Think the Golden State Warriors are an unbeatable juggernaut destined to win five straight Western Conference titles? Maybe slow your roll.

According to ESPN’s Marc Stein, the San Antonio Spurs are seriously considering a run at free-agent-to-be point guard Chris Paul. The Los Angeles Clippers, Paul’s current team, reportedly “regard the threat of San Antonio signing away Paul as a legitimate concern.”

If the Spurs sign Paul, they’d have two of the top 10 player in the NBA in Paul and Kawhi Leonard, plus 5-time All-Star LaMarcus Aldridge and one of the greatest coaches of all-time in Gregg Popovich. Given that San Antonio won 61 games in 2016-17 and reached the Western Conference Finals with a greatly diminished Tony Parker running point, the thought of them adding Paul should terrify every NBA contender—even the Warriors.

Of course, Paul is not a Spur quite yet, and if Popovich, R.C. Buford and company really wants to bring him, they’ll need to engage in some serious salary-cap gymnastics. Via to ESPN:

Even if the Spurs renounce the rights to looming free agents Manu Ginobili, Patty Mills and Jonathon Simmons as well as potential free agents Dewayne Dedmon and David Lee, they would still face complicated decisions on San Antonio mainstay Tony Parker and possibly both Pau Gasol and Danny Green.

Basically, San Antonio would have to sacrifice its entire bench in order to have enough money for Paul. But given how easily the Spurs seem to discover and develop anonymous players who can capably fill key roles, they might not have too hard a time replacing the depth they’d have to let go of. If they could pull Simmons and Dedmon out of a hat once, maybe they can do it again.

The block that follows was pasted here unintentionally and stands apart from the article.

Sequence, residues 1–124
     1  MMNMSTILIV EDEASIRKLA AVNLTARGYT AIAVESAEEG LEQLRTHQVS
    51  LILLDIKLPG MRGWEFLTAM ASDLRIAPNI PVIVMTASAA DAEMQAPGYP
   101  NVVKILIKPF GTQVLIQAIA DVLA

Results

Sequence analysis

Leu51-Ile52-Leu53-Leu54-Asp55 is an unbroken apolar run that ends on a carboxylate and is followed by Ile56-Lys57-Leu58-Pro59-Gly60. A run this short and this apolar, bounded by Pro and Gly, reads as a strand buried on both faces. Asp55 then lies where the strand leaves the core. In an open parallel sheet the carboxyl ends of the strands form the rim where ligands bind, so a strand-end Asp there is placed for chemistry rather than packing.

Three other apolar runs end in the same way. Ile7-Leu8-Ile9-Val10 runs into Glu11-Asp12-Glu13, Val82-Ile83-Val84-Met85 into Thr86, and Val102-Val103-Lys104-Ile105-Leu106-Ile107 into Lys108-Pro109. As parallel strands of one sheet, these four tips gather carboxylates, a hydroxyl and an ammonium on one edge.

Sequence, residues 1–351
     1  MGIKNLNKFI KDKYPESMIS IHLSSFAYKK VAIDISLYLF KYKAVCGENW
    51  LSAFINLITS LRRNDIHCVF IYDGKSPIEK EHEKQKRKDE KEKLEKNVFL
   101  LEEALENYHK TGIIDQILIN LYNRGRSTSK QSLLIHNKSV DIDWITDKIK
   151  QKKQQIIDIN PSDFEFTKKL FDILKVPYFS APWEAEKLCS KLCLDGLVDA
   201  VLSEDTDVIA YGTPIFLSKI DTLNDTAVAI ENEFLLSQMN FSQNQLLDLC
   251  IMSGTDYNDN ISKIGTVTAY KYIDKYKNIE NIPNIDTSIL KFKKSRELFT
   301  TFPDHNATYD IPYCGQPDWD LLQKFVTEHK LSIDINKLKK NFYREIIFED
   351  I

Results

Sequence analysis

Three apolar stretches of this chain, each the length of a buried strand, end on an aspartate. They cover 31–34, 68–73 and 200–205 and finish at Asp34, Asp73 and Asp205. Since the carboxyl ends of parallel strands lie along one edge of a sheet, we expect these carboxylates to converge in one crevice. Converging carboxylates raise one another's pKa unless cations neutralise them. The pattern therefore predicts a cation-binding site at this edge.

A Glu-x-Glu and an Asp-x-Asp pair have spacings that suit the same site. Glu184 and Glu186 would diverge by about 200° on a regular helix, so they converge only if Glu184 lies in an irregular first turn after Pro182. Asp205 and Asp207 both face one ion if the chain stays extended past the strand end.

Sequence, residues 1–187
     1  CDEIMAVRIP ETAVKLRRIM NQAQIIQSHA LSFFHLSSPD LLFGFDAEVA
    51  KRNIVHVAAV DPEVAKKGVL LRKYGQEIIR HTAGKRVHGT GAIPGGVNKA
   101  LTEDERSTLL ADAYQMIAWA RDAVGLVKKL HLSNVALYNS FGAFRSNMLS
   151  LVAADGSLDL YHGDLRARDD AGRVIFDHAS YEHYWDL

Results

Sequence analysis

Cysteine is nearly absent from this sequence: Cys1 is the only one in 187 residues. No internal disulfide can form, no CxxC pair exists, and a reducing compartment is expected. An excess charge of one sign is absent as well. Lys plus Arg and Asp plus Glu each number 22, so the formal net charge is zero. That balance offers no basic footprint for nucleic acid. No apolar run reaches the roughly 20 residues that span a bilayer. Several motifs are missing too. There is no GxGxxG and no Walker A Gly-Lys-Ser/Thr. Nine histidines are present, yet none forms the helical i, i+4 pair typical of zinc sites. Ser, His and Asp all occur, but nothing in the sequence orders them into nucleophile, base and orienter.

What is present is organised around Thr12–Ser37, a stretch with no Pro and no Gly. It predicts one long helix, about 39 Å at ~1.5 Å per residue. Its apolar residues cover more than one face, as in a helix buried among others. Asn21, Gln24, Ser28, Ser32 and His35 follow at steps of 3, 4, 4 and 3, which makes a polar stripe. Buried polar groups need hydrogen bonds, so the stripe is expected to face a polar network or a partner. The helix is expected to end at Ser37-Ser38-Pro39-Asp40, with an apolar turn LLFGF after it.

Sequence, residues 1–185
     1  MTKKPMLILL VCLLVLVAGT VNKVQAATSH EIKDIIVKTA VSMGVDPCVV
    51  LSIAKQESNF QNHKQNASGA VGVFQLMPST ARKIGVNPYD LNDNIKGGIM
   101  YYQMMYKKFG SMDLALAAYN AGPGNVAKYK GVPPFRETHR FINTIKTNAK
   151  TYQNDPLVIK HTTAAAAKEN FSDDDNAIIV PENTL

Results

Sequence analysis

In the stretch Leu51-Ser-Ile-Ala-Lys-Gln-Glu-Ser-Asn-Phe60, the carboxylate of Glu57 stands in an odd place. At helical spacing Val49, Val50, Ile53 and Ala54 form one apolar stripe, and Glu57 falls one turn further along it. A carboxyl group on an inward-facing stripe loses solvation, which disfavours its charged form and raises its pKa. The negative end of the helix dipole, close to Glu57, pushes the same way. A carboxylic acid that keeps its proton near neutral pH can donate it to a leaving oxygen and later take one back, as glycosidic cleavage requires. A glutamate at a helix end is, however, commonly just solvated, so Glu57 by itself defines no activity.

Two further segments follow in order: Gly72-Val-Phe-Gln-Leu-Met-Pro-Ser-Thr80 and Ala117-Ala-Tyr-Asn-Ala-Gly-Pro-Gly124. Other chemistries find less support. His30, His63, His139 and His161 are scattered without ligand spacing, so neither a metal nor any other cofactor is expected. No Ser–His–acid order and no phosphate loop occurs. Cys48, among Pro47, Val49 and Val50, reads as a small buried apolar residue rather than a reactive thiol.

Paul may be worth it. He’s a nine-time All-Star, a future Hall of Famer and, by some measures, one of the best point guards of all time. Even in a down year, he averaged 18.1 points and 9. 2 assists per game in 2016-17.

All Paul’s career is missing, quite famously, is a trip to the conference finals, and a chance to end that streak with San Antonio might be tempting. By pretty much any criteria you can come up with, Paul is the best ever player to never reach even the NBA’s penultimate round, a designation he can’t be anxious to hold onto.

Adding Paul probably wouldn’t make the Spurs title favorites, but it would definitely elevate San Antonio to status as the NBA’s third “super-team,” within easy striking distance of the Warriors and Cavaliers.

If this happens—and it’s still a long way away—the league had better watch out.


About Alex Putterman

Alex is a writer and editor for The Comeback and Awful Announcing. He has written for The Atlantic, VICE Sports,, and more. He is a proud alum of Northwestern University and The Daily Northwestern. You can find him on Twitter @AlexPutterman.